'My husband made me a prostitute': A heady mix of alcohol, driving and sexism

What is the worst thing that can happen to someone who drinks and drives? That the person will get into a road accident and die, or become comatose or a paraplegic or an amputee. Or maybe the person will be responsible for others meeting the same fate. That’s what most reasonable people would assume.

But not, sadly, the makers of the latest “don’t drink and drive” video to go viral on the internet. Dramatically titled, “My Husband Made Me a Prostitute”, this video is being shared wildly by people on Facebook, most of whom are singing its praise.

 My husband made me a prostitute: A heady mix of alcohol, driving and sexism

This 'don't drink and drive' video reeks of sexism. Courtesy: YouTube

The video has only one character in it. A very attractive young woman, dressed to the nines, talking into the camera and telling the viewer how her husband turned her into a prostitute. The woman states that she’s educated and could have had other career options, but decided to become a prostitute because it’s the “highest and fastest paying”. Her in-laws are also aware of her profession, but are fine with it.

She then goes on to fondly describe how she “gets a new man every day,” “big businessmen, spoilt brats, first-timers”. There is no rancour in her voice or demeanour, and, in fact, she rolls her eyes with amusement when mentioning the first-timers. She also tells us that she’s considering having a tubectomy but needs to ask her husband. But her husband doesn’t talk to her or to anyone else.

At this point I still held out hope for the film, if only because she reminded me of Norman Bates and his conversations with his mother. But sadly, this ‘psycho’ film wasn’t written or directed by Hitchcock. We find out her husband is in a coma - and that’s how he “made” her a prostitute. His spine shattered when he was hit by a truck as he was driving drunk back from a party.

I get the intended message of the film. Don’t drink and drive, because it won’t just harm you but also destroy your family. A worthy thought but about as effective as those signs on the side of the road which say, “After drinking whisky, driving is risky” or “Mind your brakes or break your mind”. Reading these silly signs while driving is likely no less risky. But, at least, they’re delivering a clear message of imminent danger to yourself.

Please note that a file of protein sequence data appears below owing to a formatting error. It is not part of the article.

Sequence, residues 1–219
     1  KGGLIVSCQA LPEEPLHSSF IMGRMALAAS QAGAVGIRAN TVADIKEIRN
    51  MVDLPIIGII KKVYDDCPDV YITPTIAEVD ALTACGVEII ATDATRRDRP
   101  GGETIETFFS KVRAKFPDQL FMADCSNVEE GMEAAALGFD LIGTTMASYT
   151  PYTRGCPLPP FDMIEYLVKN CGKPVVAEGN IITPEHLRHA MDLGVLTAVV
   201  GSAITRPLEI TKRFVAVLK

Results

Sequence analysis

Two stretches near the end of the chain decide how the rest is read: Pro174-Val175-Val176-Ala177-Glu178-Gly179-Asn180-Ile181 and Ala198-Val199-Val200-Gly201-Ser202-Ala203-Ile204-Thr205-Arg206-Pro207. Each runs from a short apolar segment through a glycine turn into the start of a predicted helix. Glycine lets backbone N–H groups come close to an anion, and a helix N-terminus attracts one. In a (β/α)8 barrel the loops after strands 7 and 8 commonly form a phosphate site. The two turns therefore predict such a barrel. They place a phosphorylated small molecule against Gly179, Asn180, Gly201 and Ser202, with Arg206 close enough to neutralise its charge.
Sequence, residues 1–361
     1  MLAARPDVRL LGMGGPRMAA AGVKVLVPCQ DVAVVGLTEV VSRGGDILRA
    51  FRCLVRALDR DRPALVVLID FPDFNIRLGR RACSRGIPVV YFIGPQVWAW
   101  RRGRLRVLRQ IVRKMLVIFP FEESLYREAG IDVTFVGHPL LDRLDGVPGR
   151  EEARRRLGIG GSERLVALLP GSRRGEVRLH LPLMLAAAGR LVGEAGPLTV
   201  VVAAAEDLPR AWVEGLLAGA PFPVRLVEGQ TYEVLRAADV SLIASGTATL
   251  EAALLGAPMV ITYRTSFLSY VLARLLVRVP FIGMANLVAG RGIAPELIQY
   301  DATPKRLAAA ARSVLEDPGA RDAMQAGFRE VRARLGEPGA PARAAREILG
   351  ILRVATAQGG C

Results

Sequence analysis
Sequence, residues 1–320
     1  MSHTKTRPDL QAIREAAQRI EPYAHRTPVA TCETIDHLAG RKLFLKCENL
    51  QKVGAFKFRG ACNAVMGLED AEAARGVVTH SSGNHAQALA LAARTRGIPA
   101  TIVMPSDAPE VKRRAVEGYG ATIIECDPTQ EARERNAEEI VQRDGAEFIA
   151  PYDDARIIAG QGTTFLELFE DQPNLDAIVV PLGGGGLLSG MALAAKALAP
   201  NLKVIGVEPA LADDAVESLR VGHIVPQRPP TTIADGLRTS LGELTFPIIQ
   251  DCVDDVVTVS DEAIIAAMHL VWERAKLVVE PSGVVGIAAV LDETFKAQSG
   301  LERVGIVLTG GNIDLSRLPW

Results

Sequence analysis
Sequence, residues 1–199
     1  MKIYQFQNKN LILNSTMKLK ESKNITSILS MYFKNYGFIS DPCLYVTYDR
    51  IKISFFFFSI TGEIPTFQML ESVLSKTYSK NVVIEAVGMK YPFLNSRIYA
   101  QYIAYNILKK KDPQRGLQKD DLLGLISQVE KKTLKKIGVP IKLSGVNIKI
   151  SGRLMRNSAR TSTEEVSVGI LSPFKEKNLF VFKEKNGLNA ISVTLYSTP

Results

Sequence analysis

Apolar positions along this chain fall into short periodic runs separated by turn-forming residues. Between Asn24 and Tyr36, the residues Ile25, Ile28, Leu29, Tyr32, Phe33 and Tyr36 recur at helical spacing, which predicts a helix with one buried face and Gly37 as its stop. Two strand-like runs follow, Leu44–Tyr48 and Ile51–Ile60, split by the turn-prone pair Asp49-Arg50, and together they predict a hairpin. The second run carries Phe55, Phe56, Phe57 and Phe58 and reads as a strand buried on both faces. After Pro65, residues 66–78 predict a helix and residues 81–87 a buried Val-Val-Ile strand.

The “My Husband Made Me A Prostitute” film is accompanied by this descriptor on its Youtube page – “What is the worst thing that can happen to a man who drinks and drives."

What’s highlighted is the slur that is associated with sex work (even if it’s voluntary). And that’s what gets my goat. That the film-makers and the film’s fans are basically saying that going into coma or breaking your spine be damned, the thought that when you’re comatose and unaware of your surroundings, your wife is fornicating with others should cure you of drinking forever. I want to know how much and what the people who scripted this film were drinking while doing so.

And let’s not ignore the liberal dash of sexism in the message that the only way a woman can support herself is by becoming a prostitute – however educated she may be and however many options she may have. Of course, this film has its heart in the right place, but the only result that I foresee of this film is that a lot more women may end up becoming high class escorts. Going by what’s described in this film, it definitely looks like a more fun, glamorous and lucrative option than the jobs most of us end up having to do. Maybe it’s actually a subliminal way of supporting the oldest profession in the world.

But in case we feel she’s enjoying her life without her husband too much, her last line to the camera is “maybe I die every day, but I’m sure he will live one day." She then wipes her tear-filled eyes and walks off into the yonder.

The utter lack of logic and the regressive message that this film propagates reminds me of the film Laaga Chunari Mein Daag. In that film, Rani Mukherji comes to Bombay from a small town. Her parents stay in a mansion in Benares, but are supposedly poor.

When she comes to Bombay, she decides that being a prostitute will get her more money than any other profession. And she takes to it like a duck to water, lives in a super-fancy high rise building in Mumbai with glass walled bathrooms, travels business class and in a chauffeur driven car and sends her parents tons of money. The message in that? Don’t ask your daughter for money or she’ll become a high class prostitute, meet a billionaire attorney played by Abhishek Bachchan and marry him. A fate worse than death.

Now I don’t expect any better from the Aditya Chopra stable of films, but when a public awareness film claims to be spreading a message, I expect them to not resort to misogynistic messages like this one. Not once does the woman in this film say how difficult it is to pay her bills, or how expensive her husband’s medical requirements are or how she wishes her in-laws pitched in financially. If life is so tough, it’s not conveyed. It actually sounds so peachy, that if I was her husband and woke up from my coma, I would encourage her to keep up her dedication to her profession.

There’s another short which I think everyone should watch. A film about an ordinary middle class woman and how she earns a living to support her family and has no sob story with which she tries to justify it.

Now if only more people made films like this, instead of the tripe that is being passed off as public awareness messaging.

Updated Date: Dec 02, 2014 07:51:26 IST